• Cuatro: replaced Canal+ Spain after the end of its terrestrial analogue broadcast on November 7, 2005. Cuatro, founded by Sogecable, airs general programs such as news, movies, documentaries, reality shows, sport events and quizzes. In December 2009 it was acquired by Gestevisión Telecinco (currently Mediaset España).[1]
  • Telecinco: one of the nationwide private television networks that received broadcasting license in 1989. Telecinco airs general programs such as news, movies, reality shows, sport events and quizzes.
  • laSexta: the last nationwide private station, owned by the Mexican corporation Televisa and the Spanish production company Mediapro, Mediapro was the real owner of the channel, Televisa had also a part of the stock. It started to broadcast in March 2006. It was born with some technical limits, since its analogue broadcast covered, at the most, 85% of the Spanish population. In 2012, it was acquired by Grupo Antena 3 (currently Atresmedia).
  • And most

Digital TV channels

Televisión Española
  • La 1: public service broadcasting network (available in HD).
  • La 2: second nationwide public channel.
  • 24h: 24-hour news channel. Also on digital satellite & cable operators.
  • Clan: children/teen channel. Also on digital satellite & cable operators.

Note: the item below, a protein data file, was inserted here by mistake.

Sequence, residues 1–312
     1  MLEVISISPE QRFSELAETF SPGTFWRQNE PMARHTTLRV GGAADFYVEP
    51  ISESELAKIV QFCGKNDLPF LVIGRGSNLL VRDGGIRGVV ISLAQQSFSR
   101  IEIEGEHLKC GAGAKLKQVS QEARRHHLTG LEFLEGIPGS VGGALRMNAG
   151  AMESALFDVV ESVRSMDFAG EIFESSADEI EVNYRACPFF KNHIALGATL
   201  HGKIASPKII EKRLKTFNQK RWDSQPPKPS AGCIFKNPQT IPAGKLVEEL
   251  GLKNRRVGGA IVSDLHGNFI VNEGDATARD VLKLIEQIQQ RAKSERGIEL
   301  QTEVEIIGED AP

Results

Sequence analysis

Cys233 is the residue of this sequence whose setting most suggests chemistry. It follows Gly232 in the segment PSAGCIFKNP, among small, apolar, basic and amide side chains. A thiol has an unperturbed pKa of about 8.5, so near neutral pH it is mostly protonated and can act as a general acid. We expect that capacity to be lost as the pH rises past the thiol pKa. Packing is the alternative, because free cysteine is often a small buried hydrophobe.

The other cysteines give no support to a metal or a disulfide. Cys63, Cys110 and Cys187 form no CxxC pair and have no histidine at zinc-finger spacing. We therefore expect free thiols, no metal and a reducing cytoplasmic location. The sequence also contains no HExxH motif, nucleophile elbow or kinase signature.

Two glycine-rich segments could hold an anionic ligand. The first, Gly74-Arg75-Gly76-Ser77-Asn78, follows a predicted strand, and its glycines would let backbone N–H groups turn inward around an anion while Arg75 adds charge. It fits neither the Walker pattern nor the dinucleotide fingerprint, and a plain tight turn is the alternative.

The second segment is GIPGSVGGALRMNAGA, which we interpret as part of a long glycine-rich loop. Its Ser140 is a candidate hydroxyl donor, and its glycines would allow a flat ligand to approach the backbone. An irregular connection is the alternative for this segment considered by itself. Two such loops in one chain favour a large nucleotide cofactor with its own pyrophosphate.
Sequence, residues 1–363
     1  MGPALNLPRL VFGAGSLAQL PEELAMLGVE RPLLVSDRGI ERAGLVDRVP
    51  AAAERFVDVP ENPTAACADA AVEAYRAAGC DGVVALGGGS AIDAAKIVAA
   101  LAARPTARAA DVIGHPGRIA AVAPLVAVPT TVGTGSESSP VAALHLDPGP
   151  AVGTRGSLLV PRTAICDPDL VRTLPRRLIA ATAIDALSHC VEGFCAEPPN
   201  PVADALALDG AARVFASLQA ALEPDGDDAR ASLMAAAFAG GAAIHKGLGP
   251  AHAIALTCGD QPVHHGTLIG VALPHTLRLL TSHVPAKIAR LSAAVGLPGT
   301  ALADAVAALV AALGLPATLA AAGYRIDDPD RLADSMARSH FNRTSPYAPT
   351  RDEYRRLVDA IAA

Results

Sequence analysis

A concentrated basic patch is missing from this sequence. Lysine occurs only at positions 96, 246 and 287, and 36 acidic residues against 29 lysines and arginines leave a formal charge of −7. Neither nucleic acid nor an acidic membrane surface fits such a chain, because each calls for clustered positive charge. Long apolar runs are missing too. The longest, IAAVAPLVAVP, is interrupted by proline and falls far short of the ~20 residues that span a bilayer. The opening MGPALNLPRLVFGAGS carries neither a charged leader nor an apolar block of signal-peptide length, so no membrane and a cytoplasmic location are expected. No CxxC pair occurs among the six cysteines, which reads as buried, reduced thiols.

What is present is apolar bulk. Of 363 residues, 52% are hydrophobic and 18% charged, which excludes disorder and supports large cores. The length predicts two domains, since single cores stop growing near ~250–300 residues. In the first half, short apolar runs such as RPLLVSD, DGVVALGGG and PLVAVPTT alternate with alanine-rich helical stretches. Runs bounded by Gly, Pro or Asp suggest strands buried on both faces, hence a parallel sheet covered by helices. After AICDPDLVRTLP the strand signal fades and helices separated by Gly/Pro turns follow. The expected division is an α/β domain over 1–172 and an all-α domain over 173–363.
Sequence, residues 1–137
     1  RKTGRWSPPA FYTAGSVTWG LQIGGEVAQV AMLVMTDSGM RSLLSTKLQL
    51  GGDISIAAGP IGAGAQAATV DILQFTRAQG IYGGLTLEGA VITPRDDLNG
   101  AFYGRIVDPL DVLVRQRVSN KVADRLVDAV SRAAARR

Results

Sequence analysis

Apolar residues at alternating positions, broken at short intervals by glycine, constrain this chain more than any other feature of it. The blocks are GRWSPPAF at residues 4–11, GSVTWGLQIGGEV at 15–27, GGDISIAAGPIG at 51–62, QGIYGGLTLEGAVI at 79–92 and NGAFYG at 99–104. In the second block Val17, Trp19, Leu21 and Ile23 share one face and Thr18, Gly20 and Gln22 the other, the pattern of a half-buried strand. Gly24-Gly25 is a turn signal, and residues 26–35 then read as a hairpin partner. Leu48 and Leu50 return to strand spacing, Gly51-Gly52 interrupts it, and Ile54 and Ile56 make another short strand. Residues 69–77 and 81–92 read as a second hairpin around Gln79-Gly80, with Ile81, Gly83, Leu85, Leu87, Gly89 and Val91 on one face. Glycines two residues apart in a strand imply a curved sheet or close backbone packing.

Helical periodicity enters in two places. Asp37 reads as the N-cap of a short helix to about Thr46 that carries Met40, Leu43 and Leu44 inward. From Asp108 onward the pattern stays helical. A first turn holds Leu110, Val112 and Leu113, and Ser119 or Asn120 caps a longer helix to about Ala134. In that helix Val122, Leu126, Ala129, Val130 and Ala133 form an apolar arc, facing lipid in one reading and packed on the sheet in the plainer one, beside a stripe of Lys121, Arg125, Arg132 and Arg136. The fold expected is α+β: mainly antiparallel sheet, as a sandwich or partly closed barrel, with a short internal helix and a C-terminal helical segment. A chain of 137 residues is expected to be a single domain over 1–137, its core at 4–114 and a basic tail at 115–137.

• Teledeporte: sports; also on digital satellite & cable operators (available in HD).
  • Antena 3: general programs (available in HD).
  • laSexta: general programs (available in HD).
  • Neox: children/teen channel and general programs.
  • Nova: woman-oriented programs, lifestyle, TV series and movies.
  • Mega: men-oriented programs.
Mediaset España
  • Telecinco: general programs (available in HD).
  • Cuatro: general programs (available in HD).
  • Factoría de Ficción: TV series and movies.
  • Divinity: women-oriented programs, lifestyle and celebrity gossip.
  • Energy: men-oriented programs.
  • Boing: children channel.
Unidad Editorial
  • Discovery MAX: free-to-air Discovery Channel documentaries.
  • 13 TV: catholic-oriented general programs
  • Disney Channel: free-to-air Disney Channel.
  • Paramount Channel: free-to-air Paramount Channel movies.

By Autonomous community

Discontinued channels

Most-viewed channels

Monthly viewing shares in March 2015 (Top 10 individual channels):[2]

Position Channel Group Share of total viewing (%)
1 Telecinco Mediaset España Comunicación 15.3%
2 Antena 3 Atresmedia Televisión 13.4%
3 La 1 Televisión Española 10%
4 La Sexta Atresmedia Televisión 7.7%
5 Cuatro Mediaset España Comunicación 7.5%
6 FDF Mediaset España Comunicación 3.5%
7 La 2 Televisión Española 2.8%
8 Neox Atresmedia Televisión 2.7%
9 Nova Atresmedia Televisión 2.7%
10 Clan TVE Televisión Española 2.3%

See also


  1. ^
  2. ^

External links

  • List of TV channels available in Spain per platform